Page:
Tuesday, October 18, 2016
Ninth Circuit Declares:
Medical Marijuana Use by Probationers Still Criminal
By KENNETH OFGANG, Staff Writer
An appropriations rider that limits the Justice Department’s ability to prosecute medical marijuana users, growers and distributors who comply with state laws does not preclude judges from barring such activity as a condition of federal probation, the Ninth U.S. Circuit Court of Appeals ruled yesterday.
The panel—made up of Judges John B. Owens and Michelle T. Friedland and Senior Judge Stephen S. Trott—said in a per curiam opinion that the medical marijuana riders—§538 of Public Law 113-235 and §542 of Public Law 114-113—have no impact on federal probation.
Each of those provisions specifies that no funds made available by the underlying legislation may be used, with respect to 33 specified states—including California—and the District of Columbia, “to prevent such States from implementing their own State laws that authorize the use, distribution, possession, or cultivation of medical marijuana.”
Yesterday’s appeal was brought by Alan David Nixon, who drew three years’ probation after pleading guilty to aiding and abetting the maintenance of a drug-involved premise. After Congress passed the first rider, he moved to modify his probation conditions in order to permit the use of medical marijuana under California law.
U.S. District Judge James V. Selna of the Central District of California denied the motion, concluding that the restriction on spending was applicable only to the Justice Department and had “no effect on the Court or the Probation Office, which is an arm of the Court.”
He also concluded that the court was required to enforce the federal ban on possession and use of marijuana, which is not subject to a medical necessity exception, and that Congress did not create such an exception by passing the riders.
The appellate judges agreed, saying Nixon’s argument was contrary to the plain language of the rider and to circuit precedent. They noted that the restrictions on spending are limited to a specific department and to specific fiscal years, and that the court held two months ago that medical marijuana users can still be prosecuted under the Controlled Substances Act.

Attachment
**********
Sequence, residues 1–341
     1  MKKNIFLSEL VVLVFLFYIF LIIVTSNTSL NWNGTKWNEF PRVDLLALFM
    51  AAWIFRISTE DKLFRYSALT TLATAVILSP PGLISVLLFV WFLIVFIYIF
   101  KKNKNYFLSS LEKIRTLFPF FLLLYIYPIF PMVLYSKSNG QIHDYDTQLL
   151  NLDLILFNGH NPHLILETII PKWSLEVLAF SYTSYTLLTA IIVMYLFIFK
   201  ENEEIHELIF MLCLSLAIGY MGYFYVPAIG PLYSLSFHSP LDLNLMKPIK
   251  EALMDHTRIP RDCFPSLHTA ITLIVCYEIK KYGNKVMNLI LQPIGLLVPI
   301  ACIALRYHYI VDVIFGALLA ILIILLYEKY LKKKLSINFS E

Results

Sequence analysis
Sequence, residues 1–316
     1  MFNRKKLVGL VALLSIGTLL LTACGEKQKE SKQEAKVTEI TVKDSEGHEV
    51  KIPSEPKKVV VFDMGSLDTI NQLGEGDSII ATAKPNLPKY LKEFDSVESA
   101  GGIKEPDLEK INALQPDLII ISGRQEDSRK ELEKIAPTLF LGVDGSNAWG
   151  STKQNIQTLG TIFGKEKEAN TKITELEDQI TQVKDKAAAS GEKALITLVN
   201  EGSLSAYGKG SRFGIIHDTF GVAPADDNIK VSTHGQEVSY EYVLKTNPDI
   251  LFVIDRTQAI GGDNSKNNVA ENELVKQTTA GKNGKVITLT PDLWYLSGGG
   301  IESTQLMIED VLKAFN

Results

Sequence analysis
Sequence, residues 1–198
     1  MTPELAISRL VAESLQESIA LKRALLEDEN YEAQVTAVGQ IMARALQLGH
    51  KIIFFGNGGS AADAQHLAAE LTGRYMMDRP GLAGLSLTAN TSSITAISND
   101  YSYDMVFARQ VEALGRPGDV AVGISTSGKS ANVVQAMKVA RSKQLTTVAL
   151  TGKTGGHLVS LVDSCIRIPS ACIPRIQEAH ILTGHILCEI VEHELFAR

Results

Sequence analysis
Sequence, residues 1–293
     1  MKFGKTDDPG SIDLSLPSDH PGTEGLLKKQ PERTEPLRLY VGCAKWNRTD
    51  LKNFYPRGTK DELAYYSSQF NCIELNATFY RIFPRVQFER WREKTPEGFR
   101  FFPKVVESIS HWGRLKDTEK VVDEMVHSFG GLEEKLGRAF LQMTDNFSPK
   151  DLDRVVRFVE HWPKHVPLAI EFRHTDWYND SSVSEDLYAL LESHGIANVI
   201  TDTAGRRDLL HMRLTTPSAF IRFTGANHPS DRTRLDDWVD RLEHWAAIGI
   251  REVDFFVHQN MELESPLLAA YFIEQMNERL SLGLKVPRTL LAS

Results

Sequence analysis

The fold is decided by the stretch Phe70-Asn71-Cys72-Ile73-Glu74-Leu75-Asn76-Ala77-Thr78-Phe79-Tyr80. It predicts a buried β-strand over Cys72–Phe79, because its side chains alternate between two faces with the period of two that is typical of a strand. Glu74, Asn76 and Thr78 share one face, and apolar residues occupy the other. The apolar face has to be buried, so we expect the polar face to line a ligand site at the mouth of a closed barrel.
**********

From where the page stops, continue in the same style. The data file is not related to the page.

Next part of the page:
The panel noted in a footnote that Nixon’s probation was subsequently revoked. But Nixon cannot argue the issue of the DOJ’s participation in the revocation proceedings, the footnote said, because he argued successfully in the lower court that those proceedings could not take place without such participation.
In a separate, unpublished memorandum, the panel rejected Nixon’s due process and cruel and unusual punishment arguments. The due process argument was not raised in the district court, nor did the defendant provide “meaningful” appellate argument on the point, as to which he bore the burden of proving clear error, the court said.
The court added that it could not find Selna’s denial of the motion to be clear error on cruel or unusual punishment grounds, in the absence of evidence of Nixon’s personal medical condition.
The case of United States v. Nixon, 16-50097, was argued in the Ninth Circuit by Marri Derby of Newport Beach for the defendant and by Kevin M. Lally, chief of the Organized Crime Drug Enforcement Task Force Section in the U.S. Attorney’s Office in Los Angeles.
Copyright 2016, Metropolitan News Company